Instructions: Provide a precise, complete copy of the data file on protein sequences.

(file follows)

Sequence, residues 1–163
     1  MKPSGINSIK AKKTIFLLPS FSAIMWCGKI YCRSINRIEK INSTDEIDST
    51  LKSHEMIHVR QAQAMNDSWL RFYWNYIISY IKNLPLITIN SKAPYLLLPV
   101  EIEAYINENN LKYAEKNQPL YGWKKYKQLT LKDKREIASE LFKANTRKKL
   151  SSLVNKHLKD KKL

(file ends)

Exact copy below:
Sequence, residues 1–163
     1  MKPSGINSIK AKKTIFLLPS FSAIMWCGKI YCRSINRIEK INSTDEIDST
    51  LKSHEMIHVR QAQAMNDSWL RFYWNYIISY IKNLPLITIN SKAPYLLLPV
   101  EIEAYINENN LKYAEKNQPL YGWKKYKQLT LKDKREIASE LFKANTRKKL
   151  SSLVNKHLKD KKL